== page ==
at 2:20pm take a taxi to the Giant Panda Breeding Centre
north of Chengdu, arriving there at 2:45pm (taxi ride is 32 yuan). The
centre is very interesting, allowing visitors to see Giant Pandas in a
semi-natural habitat. We spend one hour there, then take a taxi to the
Wenshu Buddhist temple. Very nice scenic temple, we spend half an hour
After that, at 5:15pm we take a taxi to a shopping complex area in
downtown Chengdu. Chengdu is a clean, modern city and there are lots of
street works taking place right now to improve the infrastructure
pavements etc.). After some shopping we have dinner in a higher end
restaurant serving western food (good food, good value at 130 yuan for
After dinner we look for an ATM, as we will soon run out of Chinese
cash. It takes about 20 minutes to find one, as the first four banks we
try don't accept non-Chinese ATM cards.
We get back to the hotel by taxi. There I receive the tickets from
Helen, who manages together with "Peter" the travel agency business of
the guesthouse. The flight to Lhasa costs 2340 yuan (1st class ticket),
while the flight from Lhasa to Guangzhou costs 2640 yuan (!). Very
expensive and I remember the travel agency in the hotel in Xian had
quoted a price of 2000 yuan, but Helen insists that that is the price.
The total for the two tickets and the permit is 5390 yuan (!).
Around 9pm I briefly check the emails with the computers of the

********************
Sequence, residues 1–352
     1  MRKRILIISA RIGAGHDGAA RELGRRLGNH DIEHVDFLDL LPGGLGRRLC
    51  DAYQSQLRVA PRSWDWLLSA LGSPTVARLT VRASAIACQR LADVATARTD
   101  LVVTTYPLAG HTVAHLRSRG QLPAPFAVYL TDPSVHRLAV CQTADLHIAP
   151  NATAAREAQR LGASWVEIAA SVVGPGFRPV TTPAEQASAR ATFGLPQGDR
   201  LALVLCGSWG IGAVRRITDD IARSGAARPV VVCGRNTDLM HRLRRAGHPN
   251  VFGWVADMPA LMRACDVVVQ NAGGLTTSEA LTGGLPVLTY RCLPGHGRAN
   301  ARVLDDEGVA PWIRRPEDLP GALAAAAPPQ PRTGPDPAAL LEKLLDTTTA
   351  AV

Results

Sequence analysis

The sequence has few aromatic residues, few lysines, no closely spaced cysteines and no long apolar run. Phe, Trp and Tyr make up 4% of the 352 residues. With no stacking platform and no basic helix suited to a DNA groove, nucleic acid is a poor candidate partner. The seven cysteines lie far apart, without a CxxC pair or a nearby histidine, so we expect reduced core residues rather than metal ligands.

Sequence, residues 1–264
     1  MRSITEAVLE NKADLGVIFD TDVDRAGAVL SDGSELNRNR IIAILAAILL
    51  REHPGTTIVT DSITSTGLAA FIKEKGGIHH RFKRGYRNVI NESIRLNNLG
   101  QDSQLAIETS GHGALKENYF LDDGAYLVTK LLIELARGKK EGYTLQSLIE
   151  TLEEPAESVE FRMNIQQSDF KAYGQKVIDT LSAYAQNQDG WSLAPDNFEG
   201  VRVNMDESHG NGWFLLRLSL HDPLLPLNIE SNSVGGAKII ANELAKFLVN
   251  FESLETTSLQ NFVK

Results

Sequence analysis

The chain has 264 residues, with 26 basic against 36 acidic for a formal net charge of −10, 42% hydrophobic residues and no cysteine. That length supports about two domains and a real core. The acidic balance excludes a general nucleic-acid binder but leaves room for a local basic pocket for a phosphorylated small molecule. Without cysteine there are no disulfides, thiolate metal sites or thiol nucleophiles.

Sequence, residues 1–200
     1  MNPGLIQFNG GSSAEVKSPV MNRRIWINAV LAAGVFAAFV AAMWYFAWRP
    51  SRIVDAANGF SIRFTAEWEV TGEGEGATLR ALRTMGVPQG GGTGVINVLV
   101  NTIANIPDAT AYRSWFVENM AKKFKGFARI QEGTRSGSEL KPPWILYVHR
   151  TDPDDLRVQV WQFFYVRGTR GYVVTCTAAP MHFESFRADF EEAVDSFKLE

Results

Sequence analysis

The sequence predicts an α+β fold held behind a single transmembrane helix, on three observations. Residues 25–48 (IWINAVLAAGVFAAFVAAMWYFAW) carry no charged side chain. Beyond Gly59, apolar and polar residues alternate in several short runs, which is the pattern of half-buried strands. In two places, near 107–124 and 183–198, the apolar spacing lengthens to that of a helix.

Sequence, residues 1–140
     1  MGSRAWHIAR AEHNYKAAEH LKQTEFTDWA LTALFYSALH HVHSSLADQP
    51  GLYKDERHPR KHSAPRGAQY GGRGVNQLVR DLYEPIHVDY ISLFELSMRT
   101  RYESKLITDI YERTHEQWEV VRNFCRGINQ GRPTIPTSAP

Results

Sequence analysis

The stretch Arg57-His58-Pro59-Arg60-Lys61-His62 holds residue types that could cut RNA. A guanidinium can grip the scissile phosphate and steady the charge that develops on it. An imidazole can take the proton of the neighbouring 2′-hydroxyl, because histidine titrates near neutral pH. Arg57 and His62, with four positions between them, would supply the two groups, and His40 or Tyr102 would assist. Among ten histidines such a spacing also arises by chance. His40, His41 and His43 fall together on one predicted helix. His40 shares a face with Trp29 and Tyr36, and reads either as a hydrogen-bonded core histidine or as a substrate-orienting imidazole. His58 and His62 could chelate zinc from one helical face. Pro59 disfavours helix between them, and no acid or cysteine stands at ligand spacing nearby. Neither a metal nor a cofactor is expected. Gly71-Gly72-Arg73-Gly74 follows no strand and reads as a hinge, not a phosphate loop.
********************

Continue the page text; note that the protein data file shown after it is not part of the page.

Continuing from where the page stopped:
guesthouse (3 yuan for 30 minutes, slow connection). The Internet
forecast for Lhasa is not good. Besides being cold, it will rain on
Sunday and from Thursday onwards, i.e. there will be only two sunny
days on Tuesday and Wednesday. There is even a forecast for snow on
Thursday. Not sure if I have enough warm clothes with me. Perhaps I
will fly earlier from Lhasa to Guangzhou.
Hotel Airway, Lhasa. 1 Niang Re road,
next to the Potala palace, Tel. 0891-6915660. 400 yuan for a very
comfortable suite with a bedroom and a dining room with a big TV,
heater etc. There is also a TV in the bedroom. Nothing is missing
(phone, bath with hairdryer, Intenet line in the room. Very good value.
The only problem is that I can't manage to get the DSL line in the room
to work (probably some network problem), but the ladies in the
reception allow me to use the Ethernet line of the business centre. The
bathroom has an electrical water heater (80 litres, but only 2KW,
heating takes for ever). By the way, they don't take credit cards -
Weather: Overcast and cold